Camera Obscura and World of Illusions#5 in Best Things To Do in Edinburgh
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If you're traveling with kids, there is no better place in Edinburgh to bring them than Camera Obscura and World of Illusions. Located at the top of the heavily (tourist) trafficked Royal Mile, Camera Obscura is filled with enough colorful puzzles, games and optical illusions to keep the kids entertained for days. It's also the city's oldest attraction, having opened in 1835.
Inside this Victorian tower of a building, visitors will find the 175-year-old Camera Obscura show, which is led by a (usually funny) tour guide. There's also a mirror maze and photogenic vortex tunnel in Bewilderworld, Light Fantastic, the U.K.'s only permanent gallery on the science and art of holography and the hands-on Magic Gallery, where visitors can catch their shadows, shake hands with their ghost and even walk on water. There's also something for the history buffs; the 3-D Edinburgh Vision exhibit takes you through the city from the 1850s to present day.
Although travelers attested to the attraction's appeal to children, many visitors of all ages admitted to having loads of fun at Camera Obscura. Some offered a word of caution: If you're prone to motion sickness, stay away from the vortex tunnel. Others said if you're especially keen on experiencing the Camera Obscura show, come when the weather's right. Some travelers said it was difficult to see the surrounding city through the camera – if they could see anything at all.
Entry to Camera Obscura and World of Illusions costs 14.50 pounds for adults (about $21.13) and 10.50 pounds (about $15.30) for children between the ages of 5 and 15. Hours vary by season. For more information, visit Camera Obscura and World of Illusion's website.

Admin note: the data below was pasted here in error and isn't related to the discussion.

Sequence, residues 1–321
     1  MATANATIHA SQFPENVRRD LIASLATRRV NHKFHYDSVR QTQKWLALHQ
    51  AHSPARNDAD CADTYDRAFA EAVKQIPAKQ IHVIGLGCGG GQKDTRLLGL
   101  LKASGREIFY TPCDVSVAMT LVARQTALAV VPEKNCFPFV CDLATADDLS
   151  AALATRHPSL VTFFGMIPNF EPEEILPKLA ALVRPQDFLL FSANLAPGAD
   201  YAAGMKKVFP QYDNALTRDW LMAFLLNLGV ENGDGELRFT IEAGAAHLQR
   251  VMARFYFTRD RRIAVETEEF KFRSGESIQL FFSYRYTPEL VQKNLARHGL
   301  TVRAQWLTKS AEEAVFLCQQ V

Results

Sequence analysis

More Best Things To Do in Edinburgh
#1 Calton Hill
If you're like the writer Robert Louis Stevenson, you might enjoy the view from Calton Hill; this spot was a favorite of his. One of the most popular vantage points for photo ops (and included in the city's UNESCO World Heritage site distinction), Calton Hill affords a majestic panorama of the city below – so don't forget to bring your camera, or make sure your phone is charged. Located east of New Town, Calton Hill is one of the country's first public parks, founded in 1724. Today, the hill supports several iconic buildings and monuments, so much so that it has been nicknamed the Athens of the North. Some of these structures include the Burns Monument, erected in honor of Scottish writer Robert Burns, the Nelson Monument, designed by Robert Burns, and the National Monument, modeled after the Parthenon but given the name "Edinburgh's Disgrace" for never having been completed.
Recent travelers loved Calton Hill for its beautiful views, peaceful surroundings and relatively easy hike to the top. With Arthur's Seat, Edinburgh Castle and the sea in sight, some visitors say the best time to go is during sunset or sunrise. Calton Hill is less than a mile from the Royal Mile and less than a half-mile from Edinburgh Waverly train station.
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